Nikolay Kolesnichenko, the Gorno-Altaysk Vice-Mayor, being accused of corruption in relation to construction of housing for orphans in January 2014 became the canary in the coal mine for the Town Hall. The housing was commissioned in 2008-2010. However, it later turned out not to comply with the design and sanitary codes. It was dangerous to live in. The Gorno-Altaysk Administration officials were the ones to inspect it. This led to violation of rights and lawful interests of the owners, namely 12 orphans and children without parental care, as well as of the Administration. Damage done to the citizens was estimated at about 650.000 rubles (money they spent on fixing construction faults at their own expense). The Administration lost much more money – 7 million rubles (embezzlement of budget funds, embezzlement of the republic budget subventions, costs associated with compensation payments to the orphans).
Kolesnichenko was charged with Abuse of official powers resulted in grave consequences and given a 3-year suspended sentence with 2-year probation period and 1-year debarment from holding public authority, organizational and management, and business and administrative jobs in civil service and local governance entities.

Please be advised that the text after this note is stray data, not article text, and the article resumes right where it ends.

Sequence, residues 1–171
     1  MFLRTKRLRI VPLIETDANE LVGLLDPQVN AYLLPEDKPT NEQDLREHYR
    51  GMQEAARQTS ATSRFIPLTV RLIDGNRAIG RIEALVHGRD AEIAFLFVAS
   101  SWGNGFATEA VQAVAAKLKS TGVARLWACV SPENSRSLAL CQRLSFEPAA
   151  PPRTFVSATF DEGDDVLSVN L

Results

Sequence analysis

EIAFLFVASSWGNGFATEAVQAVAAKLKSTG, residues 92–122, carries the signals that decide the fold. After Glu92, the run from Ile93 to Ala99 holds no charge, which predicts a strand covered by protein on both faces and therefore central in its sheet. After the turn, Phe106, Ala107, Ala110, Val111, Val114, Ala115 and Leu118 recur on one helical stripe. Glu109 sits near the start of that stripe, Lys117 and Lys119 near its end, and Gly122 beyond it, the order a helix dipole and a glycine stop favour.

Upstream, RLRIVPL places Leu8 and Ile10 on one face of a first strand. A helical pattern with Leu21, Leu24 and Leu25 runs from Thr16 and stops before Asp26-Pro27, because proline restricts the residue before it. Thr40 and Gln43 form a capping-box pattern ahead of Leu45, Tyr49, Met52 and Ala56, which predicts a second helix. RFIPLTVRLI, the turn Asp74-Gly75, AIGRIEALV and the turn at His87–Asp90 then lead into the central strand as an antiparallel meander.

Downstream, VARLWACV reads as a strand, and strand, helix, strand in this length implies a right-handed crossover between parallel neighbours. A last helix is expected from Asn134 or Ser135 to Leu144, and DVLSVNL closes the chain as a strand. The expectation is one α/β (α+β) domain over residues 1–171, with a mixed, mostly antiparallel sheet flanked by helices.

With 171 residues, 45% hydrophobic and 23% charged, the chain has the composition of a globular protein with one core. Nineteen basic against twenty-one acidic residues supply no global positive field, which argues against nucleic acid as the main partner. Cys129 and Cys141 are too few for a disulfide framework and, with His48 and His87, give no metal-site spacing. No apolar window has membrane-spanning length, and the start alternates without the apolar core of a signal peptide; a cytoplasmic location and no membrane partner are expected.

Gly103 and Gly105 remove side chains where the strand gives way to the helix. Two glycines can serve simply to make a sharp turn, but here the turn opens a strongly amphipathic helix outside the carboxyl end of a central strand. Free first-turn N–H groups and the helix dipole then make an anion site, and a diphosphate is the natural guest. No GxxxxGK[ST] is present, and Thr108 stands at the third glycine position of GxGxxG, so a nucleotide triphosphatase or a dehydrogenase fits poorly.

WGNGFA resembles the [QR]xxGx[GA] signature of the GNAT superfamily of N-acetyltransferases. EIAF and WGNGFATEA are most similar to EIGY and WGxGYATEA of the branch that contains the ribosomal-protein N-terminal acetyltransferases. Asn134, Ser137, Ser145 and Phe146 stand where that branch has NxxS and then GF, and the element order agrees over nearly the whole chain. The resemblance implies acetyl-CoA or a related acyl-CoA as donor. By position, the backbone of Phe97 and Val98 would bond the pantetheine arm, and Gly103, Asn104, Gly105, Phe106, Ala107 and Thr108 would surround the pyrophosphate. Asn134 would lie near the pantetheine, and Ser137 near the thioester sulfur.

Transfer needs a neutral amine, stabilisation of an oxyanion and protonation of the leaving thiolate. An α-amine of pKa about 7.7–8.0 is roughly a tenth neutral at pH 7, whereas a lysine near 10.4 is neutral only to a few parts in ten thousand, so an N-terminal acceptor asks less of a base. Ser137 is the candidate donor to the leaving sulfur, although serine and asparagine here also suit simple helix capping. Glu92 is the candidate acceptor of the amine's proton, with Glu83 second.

However, Viktor Oblogin, the convict’s superior, refused to recognize his guilt and dismiss him. Kolesnichenko kept his position until Oblogin was arrested himself, acting as the mayor for several weeks afterwards despite being prohibited from doing so. The ruling regarding him took legal effect in the end of June 2016. He had to leave the office, since he did not have an influential patron in the Administration anymore. Viktor Emelyanov, another vice mayor, took over then.
However, it was not long before he left the office, too. The town was struck by yet another corruption scandal once more. Ekaterina Petrenko, the Department of Education Head, ended up being in the focus this time.